I have holidayed many times in Portmeirion, an idyllic jewel of a village on the Llŷn Peninsula of northern Wales. This enclave was the brainchild and life’s work of architect Clough Williams-Ellis. It was Inspired by a visit to Portofino in Italy which Williams-Ellis cited as a “perfect example of the man-made adornment and use of an exquisite site”.
Portmeirion in Wales
He set about finding a location with similar vistas and topography in Wales in order to recreate such a haven. The village is closed to cars, and buildings are a proto-postmodern grab bag of the classical and the lyrical; the grand and the humorous, and much imported brick by brick following discoveries he made during his travels. But central to his vision was that the town should be human scale; everything walkable; everyone a neighbour. Indeed, in his will, Williams-Ellis stipulated that the enclave should never grow beyond its current bounds.
Such was the ‘feng shui’ of the place that it became popular with artists, writers, and musicians as a place of inspiration. Noel Coward wrote Blythe Spirit in one apartment overlooking Tremadoc Bay. George Bernard Shaw and H G Wells swelled the literary clique. The murals of Hans Feibusch sealed its artistic credentials, and the Beatles visited many times. In 1956, the architect Frank Lloyd Wright visited and the experience fed his notions on organic architecture and decentralised community planning, where all services and facilities could coexist and where humanity and the environment are in harmony.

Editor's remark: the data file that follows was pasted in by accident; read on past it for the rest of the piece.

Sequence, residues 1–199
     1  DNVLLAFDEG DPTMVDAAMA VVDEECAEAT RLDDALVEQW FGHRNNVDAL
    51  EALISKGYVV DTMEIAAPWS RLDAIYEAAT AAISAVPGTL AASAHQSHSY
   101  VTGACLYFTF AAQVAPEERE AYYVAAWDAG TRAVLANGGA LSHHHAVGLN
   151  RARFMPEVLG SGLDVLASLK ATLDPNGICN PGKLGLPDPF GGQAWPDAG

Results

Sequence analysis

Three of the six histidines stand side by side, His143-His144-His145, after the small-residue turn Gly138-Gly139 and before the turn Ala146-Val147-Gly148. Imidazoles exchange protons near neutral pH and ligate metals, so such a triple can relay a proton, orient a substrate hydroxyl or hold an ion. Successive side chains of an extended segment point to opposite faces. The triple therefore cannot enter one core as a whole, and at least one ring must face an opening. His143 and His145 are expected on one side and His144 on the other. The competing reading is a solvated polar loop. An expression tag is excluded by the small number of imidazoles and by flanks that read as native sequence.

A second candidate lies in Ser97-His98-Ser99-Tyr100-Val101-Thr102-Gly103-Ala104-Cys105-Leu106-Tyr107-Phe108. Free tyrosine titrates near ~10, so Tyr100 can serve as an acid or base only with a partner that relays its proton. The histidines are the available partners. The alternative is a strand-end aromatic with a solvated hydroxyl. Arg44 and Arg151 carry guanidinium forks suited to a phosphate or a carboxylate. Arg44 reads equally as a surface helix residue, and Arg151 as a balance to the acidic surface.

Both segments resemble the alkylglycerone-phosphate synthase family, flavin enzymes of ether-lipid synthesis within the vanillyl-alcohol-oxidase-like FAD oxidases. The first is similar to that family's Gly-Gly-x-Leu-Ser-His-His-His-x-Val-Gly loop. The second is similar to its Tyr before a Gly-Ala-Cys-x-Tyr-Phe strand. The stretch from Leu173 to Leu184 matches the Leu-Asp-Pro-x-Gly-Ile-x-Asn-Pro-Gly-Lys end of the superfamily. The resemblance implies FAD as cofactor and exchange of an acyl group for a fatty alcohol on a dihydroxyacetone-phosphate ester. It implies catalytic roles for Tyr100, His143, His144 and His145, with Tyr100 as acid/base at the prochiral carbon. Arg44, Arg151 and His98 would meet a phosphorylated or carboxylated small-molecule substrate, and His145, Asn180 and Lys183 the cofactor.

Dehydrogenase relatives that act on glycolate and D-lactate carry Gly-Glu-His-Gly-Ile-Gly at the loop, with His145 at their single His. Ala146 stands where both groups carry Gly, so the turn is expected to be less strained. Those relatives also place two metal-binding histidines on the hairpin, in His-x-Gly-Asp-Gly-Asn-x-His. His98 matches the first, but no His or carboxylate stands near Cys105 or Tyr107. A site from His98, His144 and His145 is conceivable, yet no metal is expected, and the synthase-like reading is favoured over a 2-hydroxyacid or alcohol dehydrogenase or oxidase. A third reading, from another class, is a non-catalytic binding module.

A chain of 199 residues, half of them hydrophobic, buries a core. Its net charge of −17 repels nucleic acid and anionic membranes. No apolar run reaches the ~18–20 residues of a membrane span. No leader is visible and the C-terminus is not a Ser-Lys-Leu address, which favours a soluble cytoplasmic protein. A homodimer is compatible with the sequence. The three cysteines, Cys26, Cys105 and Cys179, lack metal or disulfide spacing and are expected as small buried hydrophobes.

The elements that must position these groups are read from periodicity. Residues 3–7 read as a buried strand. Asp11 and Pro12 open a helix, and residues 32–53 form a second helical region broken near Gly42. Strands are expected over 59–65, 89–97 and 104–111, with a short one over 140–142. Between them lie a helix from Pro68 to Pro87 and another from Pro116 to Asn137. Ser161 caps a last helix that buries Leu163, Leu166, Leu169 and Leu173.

This benign concept and realisation was the perfect setting to give counterpoint to the dark dystopian drama, The Prisoner, where a former spy played by Patrick McGoohan, was, as the title suggests, kept prisoner in an idyllic setting, unable to escape as his handlers tried to determine which side he worked for.
Most of us can tell the difference between reality and fiction. Most can ascertain when intentions are well meant and when they are malign. Or so we might think…
Oxfordshire County Council’s 15-minute city scheme
It is surreal and sobering when such benign assumptions are confounded. We live in an era of conspiracy paranoia where even the most prosaic example of utilitarianism in the Clough Williams-Ellis mould is hijacked. And the hijacking is done by people who are, or pretend to be unfamiliar with Occam’s razor, ie the principle of avoiding complex explanations when simple ones are available.
A case in point is Oxfordshire County Council’s plans for a traffic filter scheme, to promote public transport and nudge residents to use their cars less, as part of the wider idea of a ’15-minute city’ where, as with Portmeirion, every amenity is within walking distance. However, these aspirations have been recast by conspiracy theorists, who see themselves as modern day McGoohans: as examples of a faceless authoritarian elite robbing them of their freedom of movement.
This simple traffic reduction scheme has been hijacked by the group ‘Not Our Future’ whose intention is, as founder David Fleming grandly announced, “to fight for the survival of our way of life as we know it”. As is the way with such demagogues, Fleming buys into the whole basket of contrarian issues – Covid denial, anti-vax (Fleming is presumably no relation to Alexander) and, of course, climate: the natural sciences and social sciences conflated to amplify the engineered paranoia.